A COMPARISON OF GENERAL EDUCATION AND SPECIAL EDUCATION TEACHERS’ KNOWLEDGE, SELF-EFFICACY, AND CONCERNS IN TEACHING CHILDEN WITH AUTISM
This study examined teachers’ knowledge of symptoms, concerns, and self-efficacy in teaching children with autism. The sample of 166 preschool through 12th grade general education teachers (n=105), special education teachers (n=29), and other educational professionals [i.e., 22 aides, 2 occupational therapists, 7 speech pathologists, and 1 Title teacher) (n=32)] attending an in-service from eleven elementary schools were selected from four school districts in the Midwest. Similar to previous studies, there was confusion regarding autism knowledge amongst all educators. Special educators had more knowledge, higher self-efficacy, and less concern in teaching children with autism than general education teachers. Differences amongst groups’ main teaching objectives also existed. Given the increase of mainstreaming children with autism in the general education classroom, results of this study warrant the need for additional workshops, teacher preparation courses, and fieldwork experiences on autism.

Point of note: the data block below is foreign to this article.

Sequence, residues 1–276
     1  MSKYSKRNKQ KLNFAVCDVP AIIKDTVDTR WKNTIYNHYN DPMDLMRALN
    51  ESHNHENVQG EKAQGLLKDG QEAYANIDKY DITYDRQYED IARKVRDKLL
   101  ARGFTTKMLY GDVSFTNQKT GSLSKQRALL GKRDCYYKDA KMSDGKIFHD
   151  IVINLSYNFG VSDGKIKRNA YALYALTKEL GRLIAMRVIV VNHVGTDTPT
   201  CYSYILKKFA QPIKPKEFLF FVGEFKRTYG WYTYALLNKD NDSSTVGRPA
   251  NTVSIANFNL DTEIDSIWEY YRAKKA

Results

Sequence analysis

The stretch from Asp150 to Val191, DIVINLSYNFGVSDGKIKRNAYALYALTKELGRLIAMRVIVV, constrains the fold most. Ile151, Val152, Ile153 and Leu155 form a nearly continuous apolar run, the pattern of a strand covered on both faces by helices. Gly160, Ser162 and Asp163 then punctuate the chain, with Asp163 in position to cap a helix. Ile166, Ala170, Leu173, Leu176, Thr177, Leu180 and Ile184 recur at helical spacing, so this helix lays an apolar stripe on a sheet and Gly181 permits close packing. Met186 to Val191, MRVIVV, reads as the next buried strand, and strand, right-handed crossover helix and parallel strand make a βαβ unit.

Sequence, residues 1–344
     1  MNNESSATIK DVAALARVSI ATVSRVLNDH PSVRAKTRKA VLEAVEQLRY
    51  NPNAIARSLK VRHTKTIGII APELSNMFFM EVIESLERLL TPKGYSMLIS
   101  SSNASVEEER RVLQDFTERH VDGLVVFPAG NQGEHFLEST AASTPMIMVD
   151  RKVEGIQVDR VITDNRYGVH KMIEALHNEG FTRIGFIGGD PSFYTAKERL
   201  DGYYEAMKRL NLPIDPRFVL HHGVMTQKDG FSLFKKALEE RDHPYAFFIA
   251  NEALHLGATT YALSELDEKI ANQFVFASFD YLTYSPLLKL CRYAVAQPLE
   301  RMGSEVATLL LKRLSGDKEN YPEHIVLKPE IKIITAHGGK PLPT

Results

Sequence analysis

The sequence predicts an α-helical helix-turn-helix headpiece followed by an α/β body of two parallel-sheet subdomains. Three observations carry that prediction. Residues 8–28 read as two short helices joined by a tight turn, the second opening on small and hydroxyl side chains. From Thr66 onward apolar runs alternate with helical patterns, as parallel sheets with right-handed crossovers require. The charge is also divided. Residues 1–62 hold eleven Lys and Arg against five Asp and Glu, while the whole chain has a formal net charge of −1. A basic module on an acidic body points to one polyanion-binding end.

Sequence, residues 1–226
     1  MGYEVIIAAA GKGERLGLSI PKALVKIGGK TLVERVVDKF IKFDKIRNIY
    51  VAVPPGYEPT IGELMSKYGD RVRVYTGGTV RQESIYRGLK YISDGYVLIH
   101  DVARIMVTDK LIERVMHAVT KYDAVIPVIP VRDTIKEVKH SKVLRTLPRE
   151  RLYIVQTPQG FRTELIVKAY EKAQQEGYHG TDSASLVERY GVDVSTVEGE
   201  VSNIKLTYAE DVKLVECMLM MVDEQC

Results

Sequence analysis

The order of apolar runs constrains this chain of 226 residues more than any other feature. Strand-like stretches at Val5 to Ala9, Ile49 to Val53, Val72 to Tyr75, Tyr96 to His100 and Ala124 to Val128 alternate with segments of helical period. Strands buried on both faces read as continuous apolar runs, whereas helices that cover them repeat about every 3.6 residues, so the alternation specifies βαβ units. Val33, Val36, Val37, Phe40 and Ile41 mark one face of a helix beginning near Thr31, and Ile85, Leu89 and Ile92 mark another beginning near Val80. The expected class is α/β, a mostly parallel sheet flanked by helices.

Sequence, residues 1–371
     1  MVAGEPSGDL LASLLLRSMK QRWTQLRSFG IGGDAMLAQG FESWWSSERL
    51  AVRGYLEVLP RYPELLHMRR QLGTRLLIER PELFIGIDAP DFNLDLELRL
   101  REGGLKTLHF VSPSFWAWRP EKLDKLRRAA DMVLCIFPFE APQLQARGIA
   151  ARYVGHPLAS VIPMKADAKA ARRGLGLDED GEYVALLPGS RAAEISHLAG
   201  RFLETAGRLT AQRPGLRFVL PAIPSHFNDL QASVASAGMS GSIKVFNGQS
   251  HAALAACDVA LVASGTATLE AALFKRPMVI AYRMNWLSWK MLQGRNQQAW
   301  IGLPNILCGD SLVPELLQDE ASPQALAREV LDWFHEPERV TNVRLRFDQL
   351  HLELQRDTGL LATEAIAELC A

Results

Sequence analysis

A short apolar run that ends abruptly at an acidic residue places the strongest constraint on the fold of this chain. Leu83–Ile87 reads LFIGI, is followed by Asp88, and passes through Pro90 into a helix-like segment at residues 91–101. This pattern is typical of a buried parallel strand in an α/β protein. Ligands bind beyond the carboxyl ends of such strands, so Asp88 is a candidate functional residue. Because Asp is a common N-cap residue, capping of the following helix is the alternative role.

School Location:USA - Ohio
Source Type:Master's Thesis
Keywords:autism self efficacy concern knowledge teaching objectives inclusion developmental disabilities special education regular
Date of Publication:01/01/2006